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Checking Air Pressure

May 14th, 2014

 

It's important to have the proper air pressure in your tires, as underinflation may lead to tire failure. The right amount of air for your tires is specified by the vehicle manufacturer and is shown on the vehicle door edge, door post, glove box door or fuel door. It is also listed in the owner's manual.
 
1. When you check the air pressure, make sure the tires are cool - meaning they are not hot from driving even a mile. (NOTE: If you have to drive a distance to get air, check and record the tire pressure first and add the appropriate air pressure when you get to the pump. It is normal for tires to heat up and the air pressure inside to go up as you drive. Never "bleed" or reduce air pressure when tires are hot.)
 
2. Remove the cap from the valve on one tire.
 
3. Firmly press a tire gauge onto the valve.
 
4. Add air to achieve recommended air pressure.
 
5. If you overfill the tire, release air by pushing on the metal stem in the center of the valve with a fingernail or the tip of a pen. Then recheck the pressure with your tire gauge.
 
6. Replace the valve cap.
 
7. Repeat with each tire, including the spare. (NOTE: Some spare tires require higher inflation pressure.)
 
8. Visually inspect the tires to make sure there are no nails or other objects embedded that could poke a hole in the tire and cause an air leak.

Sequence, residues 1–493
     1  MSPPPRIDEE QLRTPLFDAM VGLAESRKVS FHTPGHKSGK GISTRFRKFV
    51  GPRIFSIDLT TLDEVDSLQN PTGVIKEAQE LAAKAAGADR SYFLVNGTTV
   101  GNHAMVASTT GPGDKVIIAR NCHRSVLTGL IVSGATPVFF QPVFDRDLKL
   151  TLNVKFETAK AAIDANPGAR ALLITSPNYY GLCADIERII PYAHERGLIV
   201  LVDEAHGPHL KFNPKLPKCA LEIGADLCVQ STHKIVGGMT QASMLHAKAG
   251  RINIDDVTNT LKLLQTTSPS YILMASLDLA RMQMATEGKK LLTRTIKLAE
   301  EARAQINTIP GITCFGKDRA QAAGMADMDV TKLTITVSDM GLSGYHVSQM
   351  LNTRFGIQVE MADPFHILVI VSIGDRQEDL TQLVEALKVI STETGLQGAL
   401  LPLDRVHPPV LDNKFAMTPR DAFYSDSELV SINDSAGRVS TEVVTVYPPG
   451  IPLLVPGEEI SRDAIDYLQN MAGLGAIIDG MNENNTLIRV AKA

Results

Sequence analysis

9. Check the sidewalls to make sure there are no gouges, cuts, bulges or other irregularities. NOTE: Air pressure in a tire goes up (in warm weather) or down (in cold weather) 1-2 pounds for every 10 degrees of temperature change.
 
Nitrogen Versus Compressed Air
 
Most tires are filled with compressed air. But some tire retailers have started to put nitrogen into their customers’ tires. (Nitrogen is simply dry air with the oxygen removed. Air contains nearly 79% nitrogen already.) Because nitrogen replaces oxygen, less air can escape your tires, and your inflation pressure stays higher longer. Unfortunately, there are other possible sources of leaks (tire/rim interface, valve, valve/rim interface and the wheel) which prevent the guarantee of pressure maintenance for individuals using air or nitrogen inflation.
 
Nitrogen and compressed air CAN be mixed, if needed. Tires manufactured by Michelin are designed to deliver their expected performance when inflated with air or nitrogen, as long as the user respects the pressures recommended by the vehicle manufacturer on the vehicle’s placard or by the tire manufacturer.
  Posted in: Tires 101